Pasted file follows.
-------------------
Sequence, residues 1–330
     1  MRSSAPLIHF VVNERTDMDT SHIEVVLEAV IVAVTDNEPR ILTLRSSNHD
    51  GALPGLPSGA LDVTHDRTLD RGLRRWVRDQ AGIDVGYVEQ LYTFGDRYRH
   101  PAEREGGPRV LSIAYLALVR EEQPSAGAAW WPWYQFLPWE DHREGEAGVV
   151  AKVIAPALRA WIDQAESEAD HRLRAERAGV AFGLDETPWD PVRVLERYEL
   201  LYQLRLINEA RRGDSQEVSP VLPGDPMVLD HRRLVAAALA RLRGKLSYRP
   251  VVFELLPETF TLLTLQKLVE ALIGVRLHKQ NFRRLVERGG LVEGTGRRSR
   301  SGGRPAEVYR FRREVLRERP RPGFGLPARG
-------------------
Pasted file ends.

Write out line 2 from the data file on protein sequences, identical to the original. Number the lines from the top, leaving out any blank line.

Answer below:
     1  MRSSAPLIHF VVNERTDMDT SHIEVVLEAV IVAVTDNEPR ILTLRSSNHD